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Learn more about Rehab, Sports Medicine & Performance

pushing

Olympic Lifts–Do We Really Need Them?

Medicine Ball Wall Balls

Over the last several years, Olympic lifting movements have made a comeback into many gyms.  The primary reason to use Olympic lifts is to improve/maximize power output, or Rate of Force Development (RFD); however, the general fitness population lacks the requisite mobility and stability to safely get into the required positions to perform these exercises.  Over the next several weeks, I will introduce thirteen exercises that you can use instead to maximize speed, power, and RFD with less risk of injury, less technical skill required, and more efficiency.  Today’s exercise is the Medicine Ball Wall Balls.  Watch the video, give it a try, and let us know how you do. You can view the video here: https://youtu.be/vCWu2gsCfU4.

If you are looking for a full body movement that offers the same triple extension (ankle, knee, hip) as the traditional weightlifting movements, then this exercise is for you.  Wall Balls focus on vertical power development.  All medicine ball movements tend to be much higher on the speed continuum of the power movements.

-Jeff Tirrell, CSCS, CFSC, Pn1

 

Olympic Lifts–Do We Really Need Them?

Medicine Ball Chest Pass

Over the last several years, Olympic lifting movements have made a comeback into many gyms.  The primary reason to use Olympic lifts is to improve/maximize power output, or Rate of Force Development (RFD); however, the general fitness population lacks the requisite mobility and stability to safely get into the required positions to perform these exercises.  Over the next several weeks, I will introduce thirteen exercises that you can use instead to maximize speed, power, and RFD with less risk of injury, less technical skill required, and more efficiency.  Today’s exercise is the Medicine Ball Chest Pass.  Watch the video, give it a try, and let us know how you do. View the video here: https://youtu.be/iN4qcOPe2vo

The Med Ball chest pass is a great exercise to build up horizontal pushing power.  It can be regressed to be stable, safe, and emphasize the upper body musculature, or progressed to be very dynamic and athletic in nature.  All medicine ball movements tend to be much higher on the speed continuum of the power movements.

-Jeff Tirrell, CSCS, CFSC, Pn1

 

Pushing Through Fitness Barriers

Pushing For Big Results

Most of us have busy schedules and limited time to exercise at the gym.  We want the most benefit possible for our time spent working out.  Sled Pushing is a high value activity that can be utilized by almost all fitness clients.

True Core Stability
How our “muscles in the middle” truly work is in a standing position with our legs in contact with the ground.  The legs are usually in an asymmetrical stance, transferring force from the ground through our body into the arms.  Sled pushing more closely emulates the demands placed on our spinal stabilizers during daily activities.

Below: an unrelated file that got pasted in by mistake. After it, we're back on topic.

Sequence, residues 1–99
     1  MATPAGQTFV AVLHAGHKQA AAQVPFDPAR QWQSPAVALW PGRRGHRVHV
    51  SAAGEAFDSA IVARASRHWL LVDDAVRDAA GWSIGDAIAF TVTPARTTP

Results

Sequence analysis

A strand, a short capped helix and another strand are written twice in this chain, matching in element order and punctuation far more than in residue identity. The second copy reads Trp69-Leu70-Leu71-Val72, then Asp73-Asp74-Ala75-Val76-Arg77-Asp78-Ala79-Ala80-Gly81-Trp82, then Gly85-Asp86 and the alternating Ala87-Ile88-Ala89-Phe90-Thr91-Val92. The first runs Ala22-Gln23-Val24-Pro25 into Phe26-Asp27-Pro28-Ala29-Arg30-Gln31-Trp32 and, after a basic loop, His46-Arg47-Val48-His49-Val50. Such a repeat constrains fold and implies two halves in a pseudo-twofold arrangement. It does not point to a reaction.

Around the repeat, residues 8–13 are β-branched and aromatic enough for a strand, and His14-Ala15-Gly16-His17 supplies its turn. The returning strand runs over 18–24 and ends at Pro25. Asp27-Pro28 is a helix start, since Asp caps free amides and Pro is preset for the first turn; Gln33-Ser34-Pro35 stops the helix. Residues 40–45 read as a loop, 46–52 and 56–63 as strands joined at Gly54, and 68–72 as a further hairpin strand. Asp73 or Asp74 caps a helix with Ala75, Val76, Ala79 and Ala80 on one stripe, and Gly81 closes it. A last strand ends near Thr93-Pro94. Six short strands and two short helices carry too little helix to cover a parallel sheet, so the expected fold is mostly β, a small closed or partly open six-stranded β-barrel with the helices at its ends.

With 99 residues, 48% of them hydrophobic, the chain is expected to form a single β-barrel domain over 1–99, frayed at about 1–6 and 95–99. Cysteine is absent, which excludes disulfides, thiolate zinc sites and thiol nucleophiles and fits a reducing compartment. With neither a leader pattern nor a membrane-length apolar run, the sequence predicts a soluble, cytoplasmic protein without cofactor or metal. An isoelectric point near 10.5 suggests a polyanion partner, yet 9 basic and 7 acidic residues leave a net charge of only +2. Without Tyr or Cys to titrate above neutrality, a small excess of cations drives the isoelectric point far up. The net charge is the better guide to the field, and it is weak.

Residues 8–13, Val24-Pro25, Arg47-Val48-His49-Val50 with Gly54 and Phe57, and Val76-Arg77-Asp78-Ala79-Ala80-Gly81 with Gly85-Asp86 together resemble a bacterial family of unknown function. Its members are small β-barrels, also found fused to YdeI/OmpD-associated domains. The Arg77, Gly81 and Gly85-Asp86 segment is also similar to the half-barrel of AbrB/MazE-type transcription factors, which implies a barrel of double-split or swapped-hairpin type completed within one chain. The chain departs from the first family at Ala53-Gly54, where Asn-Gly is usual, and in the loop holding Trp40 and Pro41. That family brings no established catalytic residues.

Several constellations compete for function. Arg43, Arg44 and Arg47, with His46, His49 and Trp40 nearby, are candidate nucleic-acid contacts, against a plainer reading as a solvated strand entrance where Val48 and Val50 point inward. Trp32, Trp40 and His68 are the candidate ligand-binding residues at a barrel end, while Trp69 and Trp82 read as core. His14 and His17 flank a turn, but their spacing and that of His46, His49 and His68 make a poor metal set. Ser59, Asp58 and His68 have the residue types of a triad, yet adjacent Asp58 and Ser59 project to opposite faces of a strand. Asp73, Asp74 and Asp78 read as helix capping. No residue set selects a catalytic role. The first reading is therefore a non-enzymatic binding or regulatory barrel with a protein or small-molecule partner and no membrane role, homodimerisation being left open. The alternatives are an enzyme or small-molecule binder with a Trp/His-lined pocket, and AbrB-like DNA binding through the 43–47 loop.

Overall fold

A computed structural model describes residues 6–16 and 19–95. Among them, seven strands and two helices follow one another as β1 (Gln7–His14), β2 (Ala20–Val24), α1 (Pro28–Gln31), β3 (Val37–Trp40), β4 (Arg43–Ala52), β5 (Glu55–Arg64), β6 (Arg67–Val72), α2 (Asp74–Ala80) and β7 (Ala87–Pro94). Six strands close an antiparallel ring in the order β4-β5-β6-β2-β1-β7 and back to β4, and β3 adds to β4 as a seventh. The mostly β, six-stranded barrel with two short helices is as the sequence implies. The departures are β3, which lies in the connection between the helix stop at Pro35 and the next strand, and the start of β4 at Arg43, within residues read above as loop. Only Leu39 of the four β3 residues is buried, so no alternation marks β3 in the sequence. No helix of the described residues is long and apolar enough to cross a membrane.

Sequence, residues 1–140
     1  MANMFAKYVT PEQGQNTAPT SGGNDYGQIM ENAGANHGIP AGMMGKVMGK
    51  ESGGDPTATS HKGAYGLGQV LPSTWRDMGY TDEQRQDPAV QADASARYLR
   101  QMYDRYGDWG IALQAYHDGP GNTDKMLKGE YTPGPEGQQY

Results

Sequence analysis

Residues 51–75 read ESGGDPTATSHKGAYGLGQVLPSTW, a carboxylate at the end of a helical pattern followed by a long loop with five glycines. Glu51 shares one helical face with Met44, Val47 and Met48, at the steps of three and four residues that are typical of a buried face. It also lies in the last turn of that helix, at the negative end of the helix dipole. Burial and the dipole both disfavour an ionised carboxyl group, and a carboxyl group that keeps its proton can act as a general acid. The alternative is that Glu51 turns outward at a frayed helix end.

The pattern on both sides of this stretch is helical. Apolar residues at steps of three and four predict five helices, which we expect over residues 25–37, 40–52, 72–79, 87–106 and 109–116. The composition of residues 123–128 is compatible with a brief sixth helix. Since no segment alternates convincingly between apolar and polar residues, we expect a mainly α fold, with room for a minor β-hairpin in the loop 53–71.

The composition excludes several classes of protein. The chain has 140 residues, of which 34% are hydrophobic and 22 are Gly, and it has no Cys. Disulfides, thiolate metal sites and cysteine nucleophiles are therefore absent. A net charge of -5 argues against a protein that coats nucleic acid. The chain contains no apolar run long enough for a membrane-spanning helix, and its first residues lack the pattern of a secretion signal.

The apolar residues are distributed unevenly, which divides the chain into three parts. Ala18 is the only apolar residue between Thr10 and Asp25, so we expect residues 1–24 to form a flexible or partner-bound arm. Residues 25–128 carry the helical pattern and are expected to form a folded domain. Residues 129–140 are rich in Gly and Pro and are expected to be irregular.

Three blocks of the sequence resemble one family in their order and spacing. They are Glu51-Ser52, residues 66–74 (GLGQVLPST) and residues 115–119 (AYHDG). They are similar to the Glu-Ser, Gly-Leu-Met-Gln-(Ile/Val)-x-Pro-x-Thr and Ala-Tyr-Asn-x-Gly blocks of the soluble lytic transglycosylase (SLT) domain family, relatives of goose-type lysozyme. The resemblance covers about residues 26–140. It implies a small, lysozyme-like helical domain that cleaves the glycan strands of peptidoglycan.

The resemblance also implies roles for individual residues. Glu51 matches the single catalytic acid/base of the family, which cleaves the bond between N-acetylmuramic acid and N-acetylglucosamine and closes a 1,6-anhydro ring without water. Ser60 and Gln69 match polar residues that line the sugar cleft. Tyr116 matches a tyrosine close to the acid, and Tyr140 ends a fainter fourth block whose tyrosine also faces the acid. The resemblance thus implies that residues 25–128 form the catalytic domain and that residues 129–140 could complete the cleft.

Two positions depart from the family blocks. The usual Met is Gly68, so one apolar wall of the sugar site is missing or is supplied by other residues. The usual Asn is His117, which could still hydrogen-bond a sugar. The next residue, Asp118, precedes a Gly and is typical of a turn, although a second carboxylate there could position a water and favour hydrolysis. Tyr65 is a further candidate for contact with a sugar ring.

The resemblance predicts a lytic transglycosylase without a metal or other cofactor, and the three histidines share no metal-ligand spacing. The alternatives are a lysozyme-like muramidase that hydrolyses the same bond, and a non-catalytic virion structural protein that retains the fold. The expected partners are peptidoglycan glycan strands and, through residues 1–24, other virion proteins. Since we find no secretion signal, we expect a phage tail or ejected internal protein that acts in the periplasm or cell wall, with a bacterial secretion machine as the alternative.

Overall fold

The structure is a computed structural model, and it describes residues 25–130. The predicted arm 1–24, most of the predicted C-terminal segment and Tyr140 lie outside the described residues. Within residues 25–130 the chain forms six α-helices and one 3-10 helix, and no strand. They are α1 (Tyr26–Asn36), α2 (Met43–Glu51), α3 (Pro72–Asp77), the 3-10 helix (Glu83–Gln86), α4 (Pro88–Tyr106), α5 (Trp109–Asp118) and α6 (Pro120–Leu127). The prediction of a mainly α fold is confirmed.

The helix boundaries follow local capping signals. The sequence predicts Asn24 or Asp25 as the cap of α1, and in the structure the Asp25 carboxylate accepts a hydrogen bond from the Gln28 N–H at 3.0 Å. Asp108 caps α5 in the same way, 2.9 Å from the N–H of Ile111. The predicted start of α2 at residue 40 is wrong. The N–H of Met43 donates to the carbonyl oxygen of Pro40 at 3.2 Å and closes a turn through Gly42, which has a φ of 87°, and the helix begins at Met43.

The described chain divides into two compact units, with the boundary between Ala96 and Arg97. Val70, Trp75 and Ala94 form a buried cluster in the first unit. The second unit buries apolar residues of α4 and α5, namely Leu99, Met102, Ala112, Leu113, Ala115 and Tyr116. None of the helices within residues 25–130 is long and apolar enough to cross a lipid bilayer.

Training Acceleration
In sports performance, the development of acceleration—the first four or five strides– is critical.   Weight room training with box jumps, barbell squatting, and hang cleans has been shown to produce a better vertical leap number, but not nearly the same gains in 40 yard dash times.  It trains the neural pathways that turn on your acceleration muscles.  Sled pushing places the body in the forward lean position you need to properly accelerate out of the blocks when sprinting.

The Road to Easy Recovery
Sled pushing is all concentric muscle activity and no eccentric.  Eccentric muscle activity (the muscles lengthen against a resistance), creates much of the muscle soreness brought on by exercise.  Your body needs more time to recover from eccentric muscle activity.  You can perform a greater volume of work with a sled, and not be terribly sore the next day.  For older trainees whose bodies require more recovery time, sled work is a valuable training tool.

The Injured Athletes Rehab Training
If you have a knee, lower back, or hip injury, you may not be able to perform squats, lunges, deadlifts, or kettlebell swings.  Sled pushing is an alternative rehabilitation exercise for the lower body.  I have had great success treating runners with knee pain using sled work as a recovery exercise.  The core stability demands of sled pushing are helpful in restoring lumbar function in lower back pain patients.

Scalable to Any Fitness Level
Beginners can start with an empty sled and gradually add weight.  I have been able to progress physical therapy patients from 25 pounds to 125 pounds in as little as four weeks time.  Pushing is a basic movement pattern that most master after two or three attempts.

Michael S. O’Hara, P.T., OCS, CSCS

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